Medicaid, PeachCare keep gaining enrollment as pandemic continues

    Lawmakers Wednesday sent a bill to the governor's desk intended to take the shock out of so-called surprise billing, charges bill that typically come from an out-of-network anesthesiologist, radiologist or other out-of-network specialist working at a patient’s in-network hospital. the_burtons/Getty Imagesthe_burtons/Getty Images

    Georgia’s Medicaid and PeachCare rolls continue to grow amid the economic devastation from COVID-19.

    Newly released June enrollment figures show that Medicaid membership grew by 23,000, while PeachCare, the children’s health insurance program in Georgia, saw enrollment rise by nearly 14,000.

    That continues a steady increase in each program, though April’s Medicaid growth was much higher.

    Many people have lost jobs and income since the COVID-19 crisis occurred. That, in turn, often leads to a loss of employer-based health insurance. During such tough times, more individuals and their family members wind up enrolled in Medicaid, the federal/state program for the poor and the disabled.

    Nearly 2 million Georgians are currently members of Medicaid and PeachCare – and most of them are children.

    The enrollment increases almost certainly will have an impact on the state budget.

    The financial impact on states’ Medicaid programs from higher enrollment was cushioned when early in the COVID pandemic, Congress enacted a temporary 6.2-percentage-point boost in the federal Medicaid matching funds rate.

    The legislation conditioned the higher federal rate on states maintaining pre-COVID Medicaid eligibility standards. The increase and coverage protections will expire when the emergency declaration is lifted.

    Numbers of insured likely to grow

    States that have expanded their Medicaid programs under the Affordable Care Act are expected to have even bigger increases in enrollees amid the pandemic, because they allow more coverage for low-income adults. Georgia is one of 14 states that have not expanded the program, with the state’s Republican-led government saying the move would be too expensive.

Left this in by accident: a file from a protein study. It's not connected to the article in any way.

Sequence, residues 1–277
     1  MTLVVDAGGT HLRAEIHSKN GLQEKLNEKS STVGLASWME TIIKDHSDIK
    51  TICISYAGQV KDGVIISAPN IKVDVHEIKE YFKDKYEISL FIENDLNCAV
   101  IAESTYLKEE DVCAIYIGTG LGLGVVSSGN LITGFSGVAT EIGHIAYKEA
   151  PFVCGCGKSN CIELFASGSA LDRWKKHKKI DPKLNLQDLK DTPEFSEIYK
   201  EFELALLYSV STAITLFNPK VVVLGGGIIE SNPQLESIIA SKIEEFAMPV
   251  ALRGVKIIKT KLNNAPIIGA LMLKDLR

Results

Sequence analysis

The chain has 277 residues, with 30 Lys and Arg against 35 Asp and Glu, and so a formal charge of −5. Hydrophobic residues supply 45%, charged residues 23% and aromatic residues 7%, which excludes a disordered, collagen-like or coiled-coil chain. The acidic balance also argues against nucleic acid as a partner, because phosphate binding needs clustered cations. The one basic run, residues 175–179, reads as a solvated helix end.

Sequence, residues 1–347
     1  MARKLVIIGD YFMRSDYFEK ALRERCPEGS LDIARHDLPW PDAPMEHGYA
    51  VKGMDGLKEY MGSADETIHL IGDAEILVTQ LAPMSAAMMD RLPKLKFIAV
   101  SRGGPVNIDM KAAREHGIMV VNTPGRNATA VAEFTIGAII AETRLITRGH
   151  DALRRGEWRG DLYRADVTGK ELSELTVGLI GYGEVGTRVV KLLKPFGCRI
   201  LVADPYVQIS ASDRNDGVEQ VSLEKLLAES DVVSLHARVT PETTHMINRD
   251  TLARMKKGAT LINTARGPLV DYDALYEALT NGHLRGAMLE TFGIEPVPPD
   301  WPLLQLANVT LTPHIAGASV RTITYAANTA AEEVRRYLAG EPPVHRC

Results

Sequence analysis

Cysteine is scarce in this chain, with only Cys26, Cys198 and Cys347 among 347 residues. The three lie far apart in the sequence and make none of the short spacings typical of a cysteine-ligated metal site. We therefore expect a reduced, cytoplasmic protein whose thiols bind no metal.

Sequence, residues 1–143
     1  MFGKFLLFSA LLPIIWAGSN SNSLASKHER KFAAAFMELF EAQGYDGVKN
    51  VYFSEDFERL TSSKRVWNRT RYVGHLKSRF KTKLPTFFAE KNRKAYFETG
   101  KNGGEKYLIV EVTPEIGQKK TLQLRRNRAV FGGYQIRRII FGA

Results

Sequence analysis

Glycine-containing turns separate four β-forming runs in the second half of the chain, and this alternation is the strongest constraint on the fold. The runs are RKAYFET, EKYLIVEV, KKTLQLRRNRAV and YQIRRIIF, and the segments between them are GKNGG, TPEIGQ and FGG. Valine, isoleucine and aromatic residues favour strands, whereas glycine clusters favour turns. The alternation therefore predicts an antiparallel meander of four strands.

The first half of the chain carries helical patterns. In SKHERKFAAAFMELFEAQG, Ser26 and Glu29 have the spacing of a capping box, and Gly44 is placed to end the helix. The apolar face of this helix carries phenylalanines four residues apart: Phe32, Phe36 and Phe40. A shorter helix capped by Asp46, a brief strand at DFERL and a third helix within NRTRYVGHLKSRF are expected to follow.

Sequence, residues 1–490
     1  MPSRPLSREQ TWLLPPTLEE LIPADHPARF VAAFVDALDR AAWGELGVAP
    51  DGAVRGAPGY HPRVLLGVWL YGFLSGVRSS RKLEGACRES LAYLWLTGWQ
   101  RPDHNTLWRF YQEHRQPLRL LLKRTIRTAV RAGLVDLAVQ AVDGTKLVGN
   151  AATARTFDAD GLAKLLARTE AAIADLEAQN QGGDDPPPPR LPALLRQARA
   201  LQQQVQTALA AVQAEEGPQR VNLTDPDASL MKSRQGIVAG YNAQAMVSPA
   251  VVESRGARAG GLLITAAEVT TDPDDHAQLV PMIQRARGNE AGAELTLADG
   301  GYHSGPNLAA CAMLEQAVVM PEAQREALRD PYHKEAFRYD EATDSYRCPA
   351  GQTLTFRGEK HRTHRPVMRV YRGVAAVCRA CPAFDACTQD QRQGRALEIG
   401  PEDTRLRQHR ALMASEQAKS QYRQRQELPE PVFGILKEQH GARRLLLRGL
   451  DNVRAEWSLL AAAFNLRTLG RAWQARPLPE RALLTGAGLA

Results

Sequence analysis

With all the job losses amid the pandemic, Georgia is likely to see a big jump in the number of people who have no health insurance of any kind.

    A recent analysis, in fact, estimates that 178,000 Georgians have lost coverage during the pandemic.

    The study by consumer advocacy group Families USA found that the estimated increase in uninsured workers nationally from February to May was nearly 40 percent higher than the highest previous increase, which occurred during the recession of 2008 and 2009, when 3.9 million adults lost insurance.

    “We knew these numbers would be big,” said Stan Dorn, who directs the group’s National Center for Coverage Innovation and wrote the study. “This is the worst economic downturn since World War II. It dwarfs the Great Recession. So it’s not surprising that we would also see the worst increase in the uninsured.”

    Nearly half of the increases in the uninsured resulting from the COVID-19 pandemic and resulting economic crash, the study said, have occurred in five states: California, Texas, Florida, New York, and North Carolina.

    In eight states, 20 percent or more of adults are now uninsured: Texas (29 percent); Florida (25 percent); Oklahoma (24 percent); Georgia (23 percent); Mississippi (22 percent); Nevada (21 percent); North Carolina (20 percent); and South Carolina (20 percent).

    Of the eight states, all but Oklahoma were among the 15 states with the country’s highest spike in new COVID-19 cases during the week ending July 12, the Families USA study said.

    This story appears in the Georgia Recorder through a partnership with Georgia Health News.

    Andy Miller
    Andy Miller is editor of Georgia Health News and has been a health care journalist for the past 28 years. From 1992 to mid-2009, he covered health care for the Atlanta Journal-Constitution. He won numerous awards for his newspaper reporting on hospitals and health insurers, state government and Georgia’s mental hospitals.